BB: The human factor is still a weak point. There are improvements that could be made to phishing defenses, as that is one of the main channels through which these attacks are successful. Phishers only need a low hit rate to be successful. However, a cloud service can deliver a consistent way of looking at data from all the various usage patterns. For example, every app has a Web version and an app for mobile, and those are distinctly different deployment patterns. All the traffic, whether it comes from a WiFi or wired or mobile network goes through the same cloud service on its way to the application, and this enables companies to provide consistent security. It’s also more cost-effective to secure your applications through a cloud service instead of using several different technologies.

Another key threat where companies are falling down is regarding the privacy, governance and risk around data. If you had controls on the data it wouldn’t matter if someone stole the whole database, because they couldn’t crack open the encrypted data.

OPAQ: If you could start a company in the security industry today, what would be the focus?

BB: I’d probably work on a service that applied and enforced controls on data, such as authorizing people to access data and tracking that. For instance, in a hospital environment, the software would track data on who looked at patient data and when, because there should be very few people doing that. Even those who are authorized should have a reason for accessing your personal data. If the fields are naturally encrypted at the data layer, it would be hard for hackers to use it. Axiomatics and BigID are two of the companies working on this today.

OPAQ: Are there big differences in how midsize to large enterprises should approach security compared with smaller companies? Especially since smaller companies can still have large databases of sensitive information of value to hackers?

BB: First off, I’ll say that the cloud is a great equalizer. I think everyone should use cloud services for security. Large enterprises might have a few experts on staff to keep vendors honest and to customize the solution if needed. Smaller companies might rely more on a managed service provider as they don’t want to pay for IT staff, but on their own, they can’t keep up with changing security needs and threats. The differences are mainly on how to staff for security. The functionality is about the same, regardless of company size, and most of it should run in the cloud. Another advantage of the cloud is if you are running applications in an outside service, your business benefits from the traffic data of thousands of companies. An event like a single packet doesn’t mean much, but across all those companies it does. The cloud providers can see patterns from the data which can result in early detection of the threat.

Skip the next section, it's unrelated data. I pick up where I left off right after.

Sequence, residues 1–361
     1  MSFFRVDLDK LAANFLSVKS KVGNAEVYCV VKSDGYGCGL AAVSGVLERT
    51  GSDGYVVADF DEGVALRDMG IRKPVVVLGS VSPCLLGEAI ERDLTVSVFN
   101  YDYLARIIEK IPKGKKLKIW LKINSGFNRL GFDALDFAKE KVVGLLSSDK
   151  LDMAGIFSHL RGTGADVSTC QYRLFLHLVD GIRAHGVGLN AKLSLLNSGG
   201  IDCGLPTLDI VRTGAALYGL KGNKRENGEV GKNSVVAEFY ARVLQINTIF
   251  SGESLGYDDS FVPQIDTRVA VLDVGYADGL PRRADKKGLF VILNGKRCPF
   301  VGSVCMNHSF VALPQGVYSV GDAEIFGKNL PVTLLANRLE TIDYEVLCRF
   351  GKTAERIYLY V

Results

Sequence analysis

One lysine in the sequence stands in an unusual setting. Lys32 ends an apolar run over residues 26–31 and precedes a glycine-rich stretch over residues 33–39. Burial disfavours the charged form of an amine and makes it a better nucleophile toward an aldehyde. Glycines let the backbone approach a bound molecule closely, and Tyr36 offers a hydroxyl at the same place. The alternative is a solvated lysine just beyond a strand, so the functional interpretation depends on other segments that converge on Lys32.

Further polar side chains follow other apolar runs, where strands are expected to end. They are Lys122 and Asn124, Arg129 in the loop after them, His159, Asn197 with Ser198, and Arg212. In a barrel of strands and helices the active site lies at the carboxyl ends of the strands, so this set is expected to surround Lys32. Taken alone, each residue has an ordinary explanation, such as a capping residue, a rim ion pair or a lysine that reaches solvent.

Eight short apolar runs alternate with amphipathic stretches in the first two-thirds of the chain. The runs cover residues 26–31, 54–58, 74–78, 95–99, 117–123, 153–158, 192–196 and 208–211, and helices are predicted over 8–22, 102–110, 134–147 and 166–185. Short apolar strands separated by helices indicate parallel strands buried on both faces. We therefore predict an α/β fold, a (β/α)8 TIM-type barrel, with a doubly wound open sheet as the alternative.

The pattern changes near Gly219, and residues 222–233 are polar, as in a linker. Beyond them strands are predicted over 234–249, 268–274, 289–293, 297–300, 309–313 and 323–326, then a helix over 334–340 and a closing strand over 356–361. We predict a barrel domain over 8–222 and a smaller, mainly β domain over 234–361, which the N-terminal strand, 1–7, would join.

OPAQ: Security skills are at a premium. How do you think companies should best handle this challenge moving forward?

BB: People still tend to talk mainly about firewalls and hackers, but that problem will be solved. In the future the skills will be less about malware analysis and more related to application security and integration, digital signatures, and connecting clouds securely. If we just built security into transaction APIs, the noise of malware would go down substantially. Increasingly, security is becoming automated. You can get a firewall administrator from a vendor’s solution.

There are threat analytics services which are largely automated and look for patterns in big data sets. These services can tell a customer when an attack might be coming—the kind of analysis that a customer would never be able to see just by looking at its own data.